Mastering the art of communicating relevance
The first step in effective communication is to get your audience’s attention. Words like “emergency” tend to help.
An image of a human with very fish-like features isn’t a bad visual aid, either.
Those were just two of the tools Aqdas Afzal used to convey the importance and relevance of his research to a lay audience – and in the process, win the first Three Minute Thesis competition at the University of Missouri-Kansas City. Afzal, a Ph.D. student in Economics, will now go on to represent UMKC at a regional competition sponsored by the Midwest Association of Graduate Schools in April in Chicago.
Afzal’s presentation, “Countering Climate Change: The relationship between economic growth and fossil fuels in developing countries,” described how his research examines the factors that drive a reduction in fossil fuel consumption in highly developed nations such as the U.S. and western Europe, even as economic growth continues. That compares to factors that drive increased fossil fuel consumption corresponding with economic growth in developing nations such as India.
Why should we care? “We are in a climate emergency,” Afzal stated with earnest conviction, “creating a world of increased risks and instability.”
Participants are limited to a single PowerPoint slide as a visual aid. Afzal’s contained two easy-to-understand graphs comparing fossil fuel consumption over time in the developed and developing worlds; and a poster depicting the fish-headed human and the words “Stop Climate Change Before It Changes You.”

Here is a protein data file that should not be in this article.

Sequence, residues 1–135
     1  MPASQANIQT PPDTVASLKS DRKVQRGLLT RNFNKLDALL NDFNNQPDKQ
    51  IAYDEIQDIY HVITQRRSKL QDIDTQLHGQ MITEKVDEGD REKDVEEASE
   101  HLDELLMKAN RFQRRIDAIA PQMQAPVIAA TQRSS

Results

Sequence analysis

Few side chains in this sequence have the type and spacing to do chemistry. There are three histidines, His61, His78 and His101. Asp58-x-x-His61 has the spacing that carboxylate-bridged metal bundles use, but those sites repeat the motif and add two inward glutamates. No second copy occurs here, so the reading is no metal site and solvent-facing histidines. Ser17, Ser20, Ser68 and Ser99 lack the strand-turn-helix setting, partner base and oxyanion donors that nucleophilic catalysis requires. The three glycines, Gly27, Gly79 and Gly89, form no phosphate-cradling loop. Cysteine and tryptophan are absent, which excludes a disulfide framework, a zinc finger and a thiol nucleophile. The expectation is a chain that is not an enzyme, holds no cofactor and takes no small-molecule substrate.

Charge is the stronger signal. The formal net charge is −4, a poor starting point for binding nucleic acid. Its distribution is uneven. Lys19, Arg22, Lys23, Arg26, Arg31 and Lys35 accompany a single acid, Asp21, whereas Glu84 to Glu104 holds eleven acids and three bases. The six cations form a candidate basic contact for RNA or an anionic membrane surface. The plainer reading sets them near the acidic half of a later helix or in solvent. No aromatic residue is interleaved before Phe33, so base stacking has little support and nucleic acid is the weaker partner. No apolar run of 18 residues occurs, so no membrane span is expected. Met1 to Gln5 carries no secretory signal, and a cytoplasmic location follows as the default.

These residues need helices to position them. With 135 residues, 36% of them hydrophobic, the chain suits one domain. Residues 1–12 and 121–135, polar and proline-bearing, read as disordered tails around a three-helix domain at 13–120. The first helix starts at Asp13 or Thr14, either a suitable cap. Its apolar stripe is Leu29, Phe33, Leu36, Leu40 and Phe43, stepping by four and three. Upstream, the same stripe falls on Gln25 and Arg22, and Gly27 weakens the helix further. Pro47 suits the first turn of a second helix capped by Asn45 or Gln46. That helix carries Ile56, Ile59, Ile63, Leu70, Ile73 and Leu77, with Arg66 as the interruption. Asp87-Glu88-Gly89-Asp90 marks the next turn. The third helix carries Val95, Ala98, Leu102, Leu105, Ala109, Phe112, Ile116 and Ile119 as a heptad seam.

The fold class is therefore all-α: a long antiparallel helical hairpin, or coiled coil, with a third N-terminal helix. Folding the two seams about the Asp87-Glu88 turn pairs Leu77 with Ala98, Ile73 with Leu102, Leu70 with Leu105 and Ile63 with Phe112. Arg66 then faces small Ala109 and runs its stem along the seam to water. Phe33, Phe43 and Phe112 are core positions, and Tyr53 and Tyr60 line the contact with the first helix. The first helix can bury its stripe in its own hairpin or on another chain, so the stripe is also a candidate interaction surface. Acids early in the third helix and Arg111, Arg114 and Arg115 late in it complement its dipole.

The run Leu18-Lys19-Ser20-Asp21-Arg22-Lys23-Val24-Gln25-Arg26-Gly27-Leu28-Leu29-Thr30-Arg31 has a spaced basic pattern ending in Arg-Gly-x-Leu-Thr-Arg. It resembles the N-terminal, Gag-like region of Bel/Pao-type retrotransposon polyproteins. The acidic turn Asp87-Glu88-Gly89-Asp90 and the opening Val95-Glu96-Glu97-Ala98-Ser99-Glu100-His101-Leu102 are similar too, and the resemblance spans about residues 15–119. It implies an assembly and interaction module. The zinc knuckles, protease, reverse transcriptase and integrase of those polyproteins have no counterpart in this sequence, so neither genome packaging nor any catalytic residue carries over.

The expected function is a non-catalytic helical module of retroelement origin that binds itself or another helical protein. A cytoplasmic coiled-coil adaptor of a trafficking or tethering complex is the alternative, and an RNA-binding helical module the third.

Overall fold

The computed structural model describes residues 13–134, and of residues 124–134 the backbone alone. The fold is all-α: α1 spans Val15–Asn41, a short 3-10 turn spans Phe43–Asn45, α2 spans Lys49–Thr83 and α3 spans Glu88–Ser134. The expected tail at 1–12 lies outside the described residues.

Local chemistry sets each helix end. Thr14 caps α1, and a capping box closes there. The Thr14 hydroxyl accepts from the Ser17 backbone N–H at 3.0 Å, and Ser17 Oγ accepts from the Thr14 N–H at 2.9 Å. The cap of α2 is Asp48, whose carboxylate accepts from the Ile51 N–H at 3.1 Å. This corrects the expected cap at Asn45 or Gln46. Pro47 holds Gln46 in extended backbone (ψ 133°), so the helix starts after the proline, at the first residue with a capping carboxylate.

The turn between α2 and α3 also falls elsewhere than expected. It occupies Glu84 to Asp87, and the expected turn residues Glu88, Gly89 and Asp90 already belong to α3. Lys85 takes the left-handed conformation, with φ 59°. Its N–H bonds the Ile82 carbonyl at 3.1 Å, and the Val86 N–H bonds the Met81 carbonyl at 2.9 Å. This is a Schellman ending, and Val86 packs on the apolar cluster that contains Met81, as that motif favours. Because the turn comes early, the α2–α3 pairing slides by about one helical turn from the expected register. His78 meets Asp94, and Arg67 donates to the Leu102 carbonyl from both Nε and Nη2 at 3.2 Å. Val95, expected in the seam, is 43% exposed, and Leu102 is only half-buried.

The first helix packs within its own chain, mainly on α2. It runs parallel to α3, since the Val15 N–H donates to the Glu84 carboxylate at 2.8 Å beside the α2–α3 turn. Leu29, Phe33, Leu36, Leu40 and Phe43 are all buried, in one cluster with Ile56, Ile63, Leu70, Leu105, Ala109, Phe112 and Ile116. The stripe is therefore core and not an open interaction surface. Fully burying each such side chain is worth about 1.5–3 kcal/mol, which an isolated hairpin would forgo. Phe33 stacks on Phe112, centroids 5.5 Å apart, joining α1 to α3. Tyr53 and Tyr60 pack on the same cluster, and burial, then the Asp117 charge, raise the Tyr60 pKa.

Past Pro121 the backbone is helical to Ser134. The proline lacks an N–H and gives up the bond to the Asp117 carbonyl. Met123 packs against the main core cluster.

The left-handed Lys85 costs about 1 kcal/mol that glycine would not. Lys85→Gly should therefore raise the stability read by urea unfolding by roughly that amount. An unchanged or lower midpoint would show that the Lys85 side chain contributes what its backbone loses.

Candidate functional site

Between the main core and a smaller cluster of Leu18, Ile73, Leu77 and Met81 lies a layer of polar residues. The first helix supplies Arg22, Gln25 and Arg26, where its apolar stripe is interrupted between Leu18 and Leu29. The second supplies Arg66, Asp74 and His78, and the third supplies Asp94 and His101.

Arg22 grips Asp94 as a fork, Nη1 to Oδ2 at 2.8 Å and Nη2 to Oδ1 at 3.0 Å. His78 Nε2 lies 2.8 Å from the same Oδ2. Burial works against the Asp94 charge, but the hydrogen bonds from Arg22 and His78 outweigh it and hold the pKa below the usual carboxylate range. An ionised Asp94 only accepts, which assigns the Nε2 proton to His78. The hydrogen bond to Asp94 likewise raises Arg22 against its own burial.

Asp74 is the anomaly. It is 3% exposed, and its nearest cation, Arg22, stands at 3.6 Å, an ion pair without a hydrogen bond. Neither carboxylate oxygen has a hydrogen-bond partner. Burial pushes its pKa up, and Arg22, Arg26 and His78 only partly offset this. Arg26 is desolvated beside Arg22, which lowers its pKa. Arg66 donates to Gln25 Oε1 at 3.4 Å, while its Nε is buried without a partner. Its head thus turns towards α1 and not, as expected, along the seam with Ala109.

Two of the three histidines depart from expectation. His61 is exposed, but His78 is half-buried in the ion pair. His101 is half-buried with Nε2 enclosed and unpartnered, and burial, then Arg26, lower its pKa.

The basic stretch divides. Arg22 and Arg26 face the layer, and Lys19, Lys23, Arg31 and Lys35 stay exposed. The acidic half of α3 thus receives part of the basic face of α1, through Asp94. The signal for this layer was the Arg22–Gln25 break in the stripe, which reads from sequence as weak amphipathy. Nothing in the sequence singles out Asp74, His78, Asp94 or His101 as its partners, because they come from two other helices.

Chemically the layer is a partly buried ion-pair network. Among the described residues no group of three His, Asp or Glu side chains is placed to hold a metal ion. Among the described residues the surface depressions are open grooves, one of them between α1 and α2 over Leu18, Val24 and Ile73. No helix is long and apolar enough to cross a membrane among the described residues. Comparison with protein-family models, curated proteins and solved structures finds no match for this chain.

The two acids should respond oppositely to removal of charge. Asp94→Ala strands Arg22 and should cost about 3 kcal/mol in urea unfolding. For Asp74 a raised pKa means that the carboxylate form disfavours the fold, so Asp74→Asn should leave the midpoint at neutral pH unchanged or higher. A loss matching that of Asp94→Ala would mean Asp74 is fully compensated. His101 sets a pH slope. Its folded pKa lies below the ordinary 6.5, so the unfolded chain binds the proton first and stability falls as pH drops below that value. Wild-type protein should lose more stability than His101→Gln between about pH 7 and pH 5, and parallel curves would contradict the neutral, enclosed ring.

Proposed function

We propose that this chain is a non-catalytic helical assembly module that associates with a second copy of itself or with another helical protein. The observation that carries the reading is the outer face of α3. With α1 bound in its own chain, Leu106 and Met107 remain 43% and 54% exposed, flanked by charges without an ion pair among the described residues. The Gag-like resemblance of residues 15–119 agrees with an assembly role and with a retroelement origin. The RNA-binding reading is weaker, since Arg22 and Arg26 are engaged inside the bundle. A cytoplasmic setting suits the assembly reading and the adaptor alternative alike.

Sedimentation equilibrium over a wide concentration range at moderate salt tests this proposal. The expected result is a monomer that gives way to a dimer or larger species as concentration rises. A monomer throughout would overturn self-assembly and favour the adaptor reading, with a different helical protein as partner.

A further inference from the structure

The U.S. Council of Graduate Schools has encouraged such competitions at universities across the country. The goal is to counteract the difficulty university researchers have traditionally had in relating the significance and value of their work to the public at large – and to policymakers in particular.
The Three Minute Thesis concept originated from the University of Queensland in Australia, and has been adopted by other major universities worldwide. It was brought to UMKC by the School of Graduate Studies.
The major goal of the program is enhanced oral communication. Essentially the Three Minute Thesis is a three-minute-maximum oral summary of a student’s dissertation or thesis research, aimed at educated lay people.
Students need to identify the most critical findings of the research and relay them to individuals unfamiliar with the technical subject matter. They need to state only the major take-home message they want to convey, without using technical jargon.
Panels of judges graded two rounds of competition at UMKC’s student union, involving 29 graduate-level students. In addition to the judges’ selections, the audiences in two meeting rooms also voted on “People’s Choice” winners.
The People’s Choice winners were Afzal and Emine Demiroz. Demiroz is pursuing a Ph.D. in Curriculum and Instruction with a co-discipline in English.
First-place winners in the initial round were Demiroz and Dea Marx, a doctoral candidate in Higher Education Administration. Runner-up to Afzal in the final round was Ali Shafiq, who is pursuing a master’s degree in Bioinformatics.
Afzal, a Fulbright scholar from Pakistan, said he practiced his presentation in front of an audience of one – his wife – more than 50 times.